I first heard of the book while listening to a workshop on preaching by Fred Craddock. Craddock is without a doubt one of my favorite preachers. He brings the reader into the sermon in such a way that captivates and challenges using story. In this particular workshop Craddock was talking about the importance of creativity and some activities that preachers can do to spur their creativity. He mentioned Anne Lamont's book Bird by Bird. I decided to pick up a copy for my summer reading, and have discovered a new favorite preaching book.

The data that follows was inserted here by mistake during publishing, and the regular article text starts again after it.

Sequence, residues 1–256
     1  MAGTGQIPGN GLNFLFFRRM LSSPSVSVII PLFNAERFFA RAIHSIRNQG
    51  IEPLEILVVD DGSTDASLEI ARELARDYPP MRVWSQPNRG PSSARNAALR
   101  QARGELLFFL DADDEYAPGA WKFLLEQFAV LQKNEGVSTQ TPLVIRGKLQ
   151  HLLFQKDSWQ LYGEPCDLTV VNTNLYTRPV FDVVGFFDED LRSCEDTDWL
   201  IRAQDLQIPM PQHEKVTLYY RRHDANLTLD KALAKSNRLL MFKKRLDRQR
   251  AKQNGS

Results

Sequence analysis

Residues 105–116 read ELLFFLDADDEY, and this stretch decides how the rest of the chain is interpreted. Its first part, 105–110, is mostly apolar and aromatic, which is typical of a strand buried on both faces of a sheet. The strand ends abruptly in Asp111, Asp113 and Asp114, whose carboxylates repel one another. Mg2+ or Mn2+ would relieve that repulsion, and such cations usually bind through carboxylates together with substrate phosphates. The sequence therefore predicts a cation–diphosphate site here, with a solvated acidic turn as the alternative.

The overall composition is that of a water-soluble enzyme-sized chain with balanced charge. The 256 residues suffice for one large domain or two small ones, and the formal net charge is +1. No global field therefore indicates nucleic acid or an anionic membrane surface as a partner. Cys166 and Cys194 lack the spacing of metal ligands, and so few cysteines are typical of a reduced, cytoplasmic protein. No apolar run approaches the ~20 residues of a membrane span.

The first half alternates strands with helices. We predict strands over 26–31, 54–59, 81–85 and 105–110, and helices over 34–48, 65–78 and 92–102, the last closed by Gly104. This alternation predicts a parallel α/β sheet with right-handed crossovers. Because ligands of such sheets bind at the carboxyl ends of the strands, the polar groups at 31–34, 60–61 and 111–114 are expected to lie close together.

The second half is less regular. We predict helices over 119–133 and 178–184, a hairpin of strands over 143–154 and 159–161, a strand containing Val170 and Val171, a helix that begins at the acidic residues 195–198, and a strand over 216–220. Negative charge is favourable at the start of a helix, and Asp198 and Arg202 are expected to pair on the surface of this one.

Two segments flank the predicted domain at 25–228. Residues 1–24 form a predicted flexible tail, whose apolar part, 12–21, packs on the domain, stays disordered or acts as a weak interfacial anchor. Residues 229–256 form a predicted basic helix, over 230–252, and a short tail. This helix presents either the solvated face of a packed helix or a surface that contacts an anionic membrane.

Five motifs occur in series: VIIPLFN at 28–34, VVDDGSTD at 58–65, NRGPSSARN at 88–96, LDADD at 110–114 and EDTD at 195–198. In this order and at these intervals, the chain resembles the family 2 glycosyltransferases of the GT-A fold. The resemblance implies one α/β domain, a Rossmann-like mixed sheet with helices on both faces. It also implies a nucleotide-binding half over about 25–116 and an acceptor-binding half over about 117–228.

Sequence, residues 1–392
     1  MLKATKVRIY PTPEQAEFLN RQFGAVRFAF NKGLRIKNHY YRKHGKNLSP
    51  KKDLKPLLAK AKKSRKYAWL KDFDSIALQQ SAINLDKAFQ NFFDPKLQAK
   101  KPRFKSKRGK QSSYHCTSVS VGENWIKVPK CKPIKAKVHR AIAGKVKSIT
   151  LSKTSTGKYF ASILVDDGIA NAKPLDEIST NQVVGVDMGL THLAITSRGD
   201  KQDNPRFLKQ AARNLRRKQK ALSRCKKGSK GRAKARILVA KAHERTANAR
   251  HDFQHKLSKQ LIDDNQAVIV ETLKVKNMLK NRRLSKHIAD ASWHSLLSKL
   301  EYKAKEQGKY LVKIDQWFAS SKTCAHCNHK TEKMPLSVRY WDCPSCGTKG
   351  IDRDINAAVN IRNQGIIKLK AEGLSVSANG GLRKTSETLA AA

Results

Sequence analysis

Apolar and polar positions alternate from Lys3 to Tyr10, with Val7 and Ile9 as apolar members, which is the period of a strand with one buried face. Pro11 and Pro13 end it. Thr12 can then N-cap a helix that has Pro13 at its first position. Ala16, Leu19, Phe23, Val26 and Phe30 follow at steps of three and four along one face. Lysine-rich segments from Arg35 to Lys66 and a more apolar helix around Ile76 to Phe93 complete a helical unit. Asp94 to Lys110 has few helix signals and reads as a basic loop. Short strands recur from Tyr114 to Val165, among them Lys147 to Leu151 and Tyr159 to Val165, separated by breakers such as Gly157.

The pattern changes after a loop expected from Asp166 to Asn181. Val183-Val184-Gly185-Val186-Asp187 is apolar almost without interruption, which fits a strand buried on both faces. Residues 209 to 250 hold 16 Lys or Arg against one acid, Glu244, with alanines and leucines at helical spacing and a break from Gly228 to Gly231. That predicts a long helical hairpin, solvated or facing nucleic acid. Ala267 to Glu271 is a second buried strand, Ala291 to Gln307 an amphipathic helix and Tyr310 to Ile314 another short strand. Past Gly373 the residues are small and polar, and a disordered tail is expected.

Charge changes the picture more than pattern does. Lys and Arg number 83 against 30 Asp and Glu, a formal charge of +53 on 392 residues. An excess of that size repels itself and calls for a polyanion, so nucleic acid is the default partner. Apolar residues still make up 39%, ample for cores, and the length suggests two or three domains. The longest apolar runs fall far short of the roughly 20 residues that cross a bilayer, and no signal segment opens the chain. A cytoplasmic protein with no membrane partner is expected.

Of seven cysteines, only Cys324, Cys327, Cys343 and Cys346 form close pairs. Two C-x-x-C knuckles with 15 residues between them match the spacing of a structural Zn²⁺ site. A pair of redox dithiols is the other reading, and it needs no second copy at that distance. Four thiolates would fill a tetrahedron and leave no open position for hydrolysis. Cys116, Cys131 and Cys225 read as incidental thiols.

Lamont is writing about writing, but if you begin to see preaching as a mixture of spoken and written art, her book is immensely helpful. While reading through her book memories and ideas for illustrations flooded by mind. I was reminded of unforgettable, particular yet universal stories, as she wrote, "Write down everything you can remember about every birthday or Christmas or Seder or Easter or whatever, every relative who was there. Write down all the stuff you swore you'd never tell another soul. . . Scratch around for details: what people ate, listened to, wore-- those terrible petaled swim caps, the men's awful trunks, the cocktail dress your voluptuous aunt wore that was so slinky she practically needed the jaws of Life to get out of it." The book was funny and interesting and it reminded me that parts of my life are funny and interesting. I have thousands of wonderful stories lurking in my subconscious. Waiting to be written down and formed into material that can be used to help connect the Word with our lives. The book also breathed like a conversation, it felt genuine and honest, qualities that I often feel left out of preaching texts. Anyway, preachers, writers, readers read this book.